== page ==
A Trip Home, In Photos

On Friday, the sun having finally returned to New Orleans, I went down to the French Quarter to play my accordion in Pirate's Alley for a little extra gas money.  On Saturday, I set out for Wisconsin.

In the end, I drove every last mile of I-55 from its genesis over pylons driven into the swamp outside of LaPlace, Louisiana to its terminus at the frigid shores of Lake Michigan at Chicago's Lakeshore Drive.  It was just the catharsis I needed.

I made a few stops along the way.  Photos and captions after the break.

Crossing over the line into Mississipi's pine country, I thought I saw Mike H driving an oversize load in the next lane.

I made my traditional stop for gas in Canton, Mississippi, the town north of Jackson that originally brought me to New Orleans back in 2003.  I grabbed some delicious BBQ ribs at the T&D North Hickory Sandwich Shop, a little place in "The Hollow," a cluster of juke joints that played host to early blues musicians like Elmore James.

The Shop announced on its front door that the State of Mississippi was going to force it to charge tax as of the new year.

In the pines, Mississippi.

Arkansas was, by far, the most dreary and forlorn of all the states I passed through.  Incredibly flat.  Cotton fields under a lead gray sky.  Even the trees along the highway, some sort of ditch willow, looked sickly.

I swung off the trail in Cape Girardeau, Missouri, the home of Rush Limbaugh.  He's right next to Porter Wagoner on the flood wall of famous Missourians in the "Entertainers" category.  T.S. Eliot is down at the far end, a ways away.  I was looking for parallels or contrasts between the river towns of Hannibal, MO as home of Mark Twain and Cape Girardeau, MO as home of El Rushbo.  But the growing dark, cold, and hunger distracted me, and I drove on.

A night in St. Louis proved to be frigid.  The steam rose in huge billows across the interstate at the Budweiser factory as we walked through the red brick rows from Benton Park to Soulard for a drink.

In the morning, it was back to the road.  But not before a tangential roll through the decaying acres of East St. Louis across the Mississippi.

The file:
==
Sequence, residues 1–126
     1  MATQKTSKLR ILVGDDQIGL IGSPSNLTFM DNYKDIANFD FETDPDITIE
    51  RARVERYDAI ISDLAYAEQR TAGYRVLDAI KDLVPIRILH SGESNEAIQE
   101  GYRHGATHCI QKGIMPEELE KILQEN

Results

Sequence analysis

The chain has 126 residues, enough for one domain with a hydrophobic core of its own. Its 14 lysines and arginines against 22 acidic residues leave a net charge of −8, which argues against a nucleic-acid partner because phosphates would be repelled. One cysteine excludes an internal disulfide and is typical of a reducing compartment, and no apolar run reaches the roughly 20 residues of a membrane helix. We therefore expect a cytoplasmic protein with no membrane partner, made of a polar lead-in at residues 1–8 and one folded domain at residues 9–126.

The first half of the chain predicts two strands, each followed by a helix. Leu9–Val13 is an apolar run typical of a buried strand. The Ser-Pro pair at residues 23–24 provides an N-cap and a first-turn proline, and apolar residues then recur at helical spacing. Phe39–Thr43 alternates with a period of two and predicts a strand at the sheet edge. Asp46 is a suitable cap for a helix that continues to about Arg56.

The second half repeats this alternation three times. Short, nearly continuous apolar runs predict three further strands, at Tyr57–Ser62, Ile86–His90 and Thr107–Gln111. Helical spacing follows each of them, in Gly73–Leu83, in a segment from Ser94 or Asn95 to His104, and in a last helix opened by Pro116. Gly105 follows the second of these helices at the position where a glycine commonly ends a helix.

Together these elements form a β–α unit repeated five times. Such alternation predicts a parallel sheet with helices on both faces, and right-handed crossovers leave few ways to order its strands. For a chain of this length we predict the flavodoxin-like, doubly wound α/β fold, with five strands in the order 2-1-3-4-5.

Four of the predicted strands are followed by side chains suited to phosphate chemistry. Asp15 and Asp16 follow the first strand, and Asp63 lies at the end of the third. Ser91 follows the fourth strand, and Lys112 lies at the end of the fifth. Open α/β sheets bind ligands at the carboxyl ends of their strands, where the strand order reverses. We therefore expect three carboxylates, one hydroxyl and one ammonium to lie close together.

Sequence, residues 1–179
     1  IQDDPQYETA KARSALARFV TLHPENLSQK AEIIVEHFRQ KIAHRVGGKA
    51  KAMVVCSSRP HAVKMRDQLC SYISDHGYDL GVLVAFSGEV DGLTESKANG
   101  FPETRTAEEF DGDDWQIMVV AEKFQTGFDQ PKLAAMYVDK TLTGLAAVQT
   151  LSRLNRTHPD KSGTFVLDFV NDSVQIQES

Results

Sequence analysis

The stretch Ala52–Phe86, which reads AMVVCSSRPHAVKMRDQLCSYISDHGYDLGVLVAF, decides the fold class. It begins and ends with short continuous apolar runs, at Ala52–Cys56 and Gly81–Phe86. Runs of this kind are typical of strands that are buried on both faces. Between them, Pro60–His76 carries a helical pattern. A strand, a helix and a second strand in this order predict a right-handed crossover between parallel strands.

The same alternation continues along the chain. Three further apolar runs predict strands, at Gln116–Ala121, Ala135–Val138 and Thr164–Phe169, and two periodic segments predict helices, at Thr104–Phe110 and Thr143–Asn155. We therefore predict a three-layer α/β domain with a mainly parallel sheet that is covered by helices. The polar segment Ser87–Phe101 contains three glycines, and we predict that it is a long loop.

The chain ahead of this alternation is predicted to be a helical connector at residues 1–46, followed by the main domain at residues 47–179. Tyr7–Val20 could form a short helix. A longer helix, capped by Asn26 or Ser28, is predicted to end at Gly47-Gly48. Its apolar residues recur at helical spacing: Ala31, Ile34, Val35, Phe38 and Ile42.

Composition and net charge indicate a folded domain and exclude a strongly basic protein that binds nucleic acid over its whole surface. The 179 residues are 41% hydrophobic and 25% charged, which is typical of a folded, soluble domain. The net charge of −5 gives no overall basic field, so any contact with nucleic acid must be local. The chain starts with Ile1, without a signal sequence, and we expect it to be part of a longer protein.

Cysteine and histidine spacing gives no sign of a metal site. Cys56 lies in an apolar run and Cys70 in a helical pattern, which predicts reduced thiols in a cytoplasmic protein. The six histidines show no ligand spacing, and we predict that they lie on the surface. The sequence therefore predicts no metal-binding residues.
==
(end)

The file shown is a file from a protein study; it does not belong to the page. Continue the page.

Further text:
In Springfield, IL, I stopped off in search of internet access and the home of Vachel Lindsay, the "Prairie Troubadour," one of America's most overlooked poets, and one of my favorites.  After missing a turn on what I thought was the right way, I skidded across some ice into an alleyway and, when I emerged - voila - there was the Lindsay family home directly across the street.  Heading downtown, I presumed a cafe would be open with some wireless.  Not so.  I did see Rep. Aaron Schock's district office, though, as well as the railroad station where Lincoln gave his great farewell address.

Finally, I arrived in Chicago, and - not a moment too soon - surprised my brother at the Carbon and Carbide building downtown where he works.  One of the upper floors of the classic Art Deco skyscrapers provided a great view of the ice skaters in Millennium Park along Michigan Avenue.

We tried the Monadnock for a bit of wireless, but, once again, I was foiled.  However, Kristkindlmarkt (sp?) was underway in Daley Plaza.  The hot pretzels hit the spot!

The house up in Roscoe Village was cozy and ready for Christmas.  It was a peaceful respite after hours and hours of time on the interstate with Illinois drivers.  I hate to say it, but the Wisconsin stereotype of Illinois drivers certainly held up - not all of them, certainly.  But the absolute worst drivers by license plate along my whole route where from Illinois (whether driving in Illinois or in other states) - dangerous, impatient, speeding twenty to thirty miles per hour over the common speed, cutting people off, tailgating with 2 feet of room at nearly 80 miles per hour in blowing snow.  I came very close to shouting a certain acronym on a few occasions.

Today, I zipped over to Oak Park before making the final push up into Wisconsin. I wanted to see some of the Frank Lloyd Wright buildings in the suburban Chicago neighborhood where he once lived and worked.  I found a few gems dusted with snow.

But the gems hardly shone when compared to what Wright called his "jewelbox" - Unity Temple.

The interior space, partially under renovation was especially stunning when contrasted the nearly monolithic exterior, the facades broken only by narrow glass and ornate, vaguely Mayan pillars.

Truly unique and memorable.  And classic Wright.

Crossing the state line at last, I noted the sign at an exit near Kenosha, Wisconsin and stopped in to see the Dairlyland Greyhound Park.  The facility, Wisconsin's last remaining greyhound racing facility, is slated to close at the end of this year, and I know a few friends of mine are concerned about what will happen to the nearly 1,000 racing greyhounds at the facility.  While there were no races going on today, there are a few more between now and the new year - Saturday, Sunday, next Wednesday, for example.  And if you'd like to adopt one of the dogs, here's more information.

Suddenly, with multiple phone calls coming on while I was on I-94, I turned off on an exit...and ended up at...the lovely Port of Milwaukee.

As a good student of maritime law, I thought I would take a look around to see how the port was doing.  Clearly lots of salt coming in.  Also, some heavy Bucyrus mining equipment going out.

And now, it's just short hop home to Kiel.  This trip was made possible by: Junior Kimbrough, Sufjan Stevens, Dr. John, The Walkmen, and, of course, the artist with the finest music for driving across the plains, Hank Williams, Sr. 

Law school?  What is that?